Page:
Michigan Elderly: Living on the Edge

By: Liam Martin Email
By: Liam Martin Email

John Mercer is fed up.

"I went bankrupt 'cause the banks ran me out of money."

Fed up with the system that he says landed him there. Eighty years old and retired, Mercer says his income simply hasn't kept up with his expenses. So his banks cut his credit lines in half.

"I don't know where I'm gonna be, 'cause I ran out of money, period. Everything I had I spent trying to live the last six months."

He's not alone. Seniors across the state -- and indeed the country -- are struggling to balance their checkbooks, as costs of living soar while their incomes remain flat.

The main culprits?

"Changes in retirement, increases in health-care costs or lack of affordable housing are pushing many of our seniors into deprivation," said Kate White, director of Elder Law of Michigan.

Advocacy groups for the elderly gathered Thursday at the state capitol to unveil new statistics highlighting precisely that problem. And their findings are shocking.

Here's the breakdown:

Avg. Yearly Expenses for Elder Person (with Mortgage)

Ingham County: $23,000
Jackson County: $25,000
Eaton County: $24,000

Median Income in Retirement

Michigan Men: $21,000
Michigan Women: $15,000

Average yearly expenses for an elderly individual living in Ingham, Eaton and Jackson counties all topped out above $20,000.

The median income for those same folks? $21,000 for men -- just $15,000 for women. In other words, they're breaking even.

"I will either come out ahead, or I will go below," Mercer said.

The problem? The state's already facing a $1.7 billion budget deficit for next year. But organizers say there are cheaper solutions for aiding seniors.

"I think lawmakers can use some of the economic stimulus funds that we have to expand affordable, low-income housing," White said.

Organizers say Michigan should also push more aggressively for federal funding and food assistance.

John Mercer just hopes the help comes sooner rather than later.


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Comments are posted from viewers like you and do not always reflect the views of this station.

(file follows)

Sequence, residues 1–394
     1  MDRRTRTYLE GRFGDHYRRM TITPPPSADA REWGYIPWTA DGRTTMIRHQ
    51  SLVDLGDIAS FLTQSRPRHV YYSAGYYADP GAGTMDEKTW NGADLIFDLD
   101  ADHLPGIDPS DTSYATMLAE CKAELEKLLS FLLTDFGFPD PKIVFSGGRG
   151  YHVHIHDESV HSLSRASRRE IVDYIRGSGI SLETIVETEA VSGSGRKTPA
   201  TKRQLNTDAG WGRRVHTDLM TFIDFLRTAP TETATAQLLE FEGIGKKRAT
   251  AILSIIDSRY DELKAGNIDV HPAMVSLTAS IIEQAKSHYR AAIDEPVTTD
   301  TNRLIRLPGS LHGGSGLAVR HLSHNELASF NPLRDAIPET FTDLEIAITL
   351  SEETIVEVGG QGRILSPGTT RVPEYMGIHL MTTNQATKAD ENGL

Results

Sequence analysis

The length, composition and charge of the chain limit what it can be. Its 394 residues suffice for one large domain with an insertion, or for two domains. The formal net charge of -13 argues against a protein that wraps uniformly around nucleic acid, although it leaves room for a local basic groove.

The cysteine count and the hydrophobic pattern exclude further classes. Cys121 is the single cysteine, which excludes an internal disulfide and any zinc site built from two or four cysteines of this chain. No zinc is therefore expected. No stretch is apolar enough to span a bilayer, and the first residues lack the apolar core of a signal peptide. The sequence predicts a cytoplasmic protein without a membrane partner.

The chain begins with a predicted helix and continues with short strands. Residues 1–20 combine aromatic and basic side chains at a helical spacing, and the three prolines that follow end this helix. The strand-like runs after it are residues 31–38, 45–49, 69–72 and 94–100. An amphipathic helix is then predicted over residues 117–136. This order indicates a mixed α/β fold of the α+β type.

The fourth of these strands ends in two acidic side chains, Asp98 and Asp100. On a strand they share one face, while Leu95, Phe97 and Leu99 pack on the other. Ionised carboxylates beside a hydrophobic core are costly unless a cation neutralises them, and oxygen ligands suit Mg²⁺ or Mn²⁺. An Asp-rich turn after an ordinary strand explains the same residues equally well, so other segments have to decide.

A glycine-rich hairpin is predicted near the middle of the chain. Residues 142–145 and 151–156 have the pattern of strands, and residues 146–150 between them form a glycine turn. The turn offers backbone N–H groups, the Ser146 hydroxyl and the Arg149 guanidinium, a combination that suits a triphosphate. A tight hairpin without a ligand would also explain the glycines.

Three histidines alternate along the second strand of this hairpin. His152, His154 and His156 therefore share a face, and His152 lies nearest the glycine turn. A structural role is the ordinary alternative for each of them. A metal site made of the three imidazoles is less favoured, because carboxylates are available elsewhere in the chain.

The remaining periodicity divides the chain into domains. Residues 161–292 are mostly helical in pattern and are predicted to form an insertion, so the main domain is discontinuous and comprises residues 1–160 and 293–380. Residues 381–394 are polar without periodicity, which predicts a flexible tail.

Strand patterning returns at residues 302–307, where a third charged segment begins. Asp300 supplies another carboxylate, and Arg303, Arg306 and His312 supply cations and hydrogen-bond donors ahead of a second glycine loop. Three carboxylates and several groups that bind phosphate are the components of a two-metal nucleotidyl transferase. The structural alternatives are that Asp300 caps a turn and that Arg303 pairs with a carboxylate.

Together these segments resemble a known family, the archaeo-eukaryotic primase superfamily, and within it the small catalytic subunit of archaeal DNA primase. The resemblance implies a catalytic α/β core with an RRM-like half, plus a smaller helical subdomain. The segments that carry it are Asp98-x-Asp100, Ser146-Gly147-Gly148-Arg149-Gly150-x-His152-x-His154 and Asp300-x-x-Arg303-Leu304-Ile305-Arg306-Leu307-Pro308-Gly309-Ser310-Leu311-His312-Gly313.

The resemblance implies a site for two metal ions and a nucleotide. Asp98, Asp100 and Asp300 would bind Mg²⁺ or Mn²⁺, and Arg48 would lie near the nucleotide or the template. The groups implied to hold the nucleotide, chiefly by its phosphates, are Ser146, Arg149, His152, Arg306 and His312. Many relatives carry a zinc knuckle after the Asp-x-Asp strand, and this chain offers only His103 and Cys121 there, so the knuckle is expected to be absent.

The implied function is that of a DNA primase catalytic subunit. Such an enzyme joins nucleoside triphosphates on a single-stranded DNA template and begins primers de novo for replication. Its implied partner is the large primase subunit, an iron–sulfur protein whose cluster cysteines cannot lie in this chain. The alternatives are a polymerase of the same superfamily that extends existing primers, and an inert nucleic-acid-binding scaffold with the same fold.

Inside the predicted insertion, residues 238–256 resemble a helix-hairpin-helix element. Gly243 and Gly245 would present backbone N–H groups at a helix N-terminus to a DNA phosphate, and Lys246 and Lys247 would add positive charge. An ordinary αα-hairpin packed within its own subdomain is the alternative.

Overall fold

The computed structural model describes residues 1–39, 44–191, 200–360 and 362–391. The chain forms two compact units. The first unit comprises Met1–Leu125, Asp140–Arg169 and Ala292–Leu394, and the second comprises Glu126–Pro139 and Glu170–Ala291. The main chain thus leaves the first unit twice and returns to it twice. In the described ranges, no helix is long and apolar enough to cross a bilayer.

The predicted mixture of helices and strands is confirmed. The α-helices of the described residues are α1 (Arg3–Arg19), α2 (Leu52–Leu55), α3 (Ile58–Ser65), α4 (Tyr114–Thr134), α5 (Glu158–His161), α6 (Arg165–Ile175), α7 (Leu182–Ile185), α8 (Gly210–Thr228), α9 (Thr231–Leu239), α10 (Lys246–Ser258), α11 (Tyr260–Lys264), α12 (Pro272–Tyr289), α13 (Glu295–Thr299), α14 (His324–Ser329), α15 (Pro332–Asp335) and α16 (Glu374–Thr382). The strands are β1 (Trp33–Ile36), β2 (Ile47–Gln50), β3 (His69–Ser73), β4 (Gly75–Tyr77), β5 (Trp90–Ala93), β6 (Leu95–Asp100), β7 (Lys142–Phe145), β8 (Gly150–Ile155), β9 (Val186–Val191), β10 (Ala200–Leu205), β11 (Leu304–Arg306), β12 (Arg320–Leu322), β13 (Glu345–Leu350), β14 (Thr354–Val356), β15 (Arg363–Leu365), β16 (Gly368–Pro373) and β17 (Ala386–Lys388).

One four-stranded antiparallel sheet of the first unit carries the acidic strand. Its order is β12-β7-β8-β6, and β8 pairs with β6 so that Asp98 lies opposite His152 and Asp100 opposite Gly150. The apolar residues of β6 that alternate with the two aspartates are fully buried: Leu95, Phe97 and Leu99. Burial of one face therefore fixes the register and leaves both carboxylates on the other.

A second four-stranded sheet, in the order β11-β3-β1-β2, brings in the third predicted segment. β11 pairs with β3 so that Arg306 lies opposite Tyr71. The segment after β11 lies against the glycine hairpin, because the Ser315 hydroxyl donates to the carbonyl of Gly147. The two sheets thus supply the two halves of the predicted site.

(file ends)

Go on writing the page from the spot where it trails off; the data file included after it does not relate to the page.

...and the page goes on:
• by Kristen Location: washington DC on Jul 21, 2009 at 07:08 AM
    This is a very serious issue, like Alan said, and the problem does not just come from lack of planning, many women can not work the full amount of years it takes to acquire an adequate social security income, as they have to leave the workforce to care for children and/or parents or their spouses parents. Women are forced to juggle caregiving with employment, or quit their jobs, as there is little institutional support for caregiving in our employment sector. If anyone is genuinely interested in learning more about these issues, check out Wider Opportunities for Women's blog: http://wow-eesi.blogspot.com/
  • by Elderly Tsunami on Jul 17, 2009 at 12:14 AM
    The article indicates (with mortgage) there in lies the problem. People " if you are not independently wealthy you should NOT have positioned yourself to have a mortgage after you retire. As I said earlier as the Reformer if you think were in trouble now what is going to happen when all the boomers like myslf start feeding off the system like S.S. and medicare. The government for at least the last 20 or so years have mentioned BUT ignored the looming crisis. Thanks to fraud, greed, self indulgence, me first, materialistic mentality, driven by an arrogant political demagogue establishment we are in great shape just like our obese society. I can't feel bad for people that lived beyond their means. My brother was famous for saying you can't take it with you so you might as well spend it all now. I'm sure you know someone who has said " I don't care if I ever pay it off I'll be dead and let someone else worry about it" Well, here in lies the problem, people who take no responsibiliy.
  • by Alan Location: Lansing on Jul 16, 2009 at 05:12 PM
    This is a very very troubling article. We need to do somthing about this. I think maybe the best plan for now is probably raise there property taxes with an Ingham County Sheriff dept millage. That way when they get evicted by Eric Shirtzing and the predatory land bank, there stuff will be properly protected when the eviction crews set it all on the curb.
  • by Anonymous on Jul 16, 2009 at 03:16 PM
    If you do your story right, those expenses are the same for every michigan resident.
  • by Anonymous on Jul 16, 2009 at 03:15 PM
    Another special interest group taking our tax dollars.
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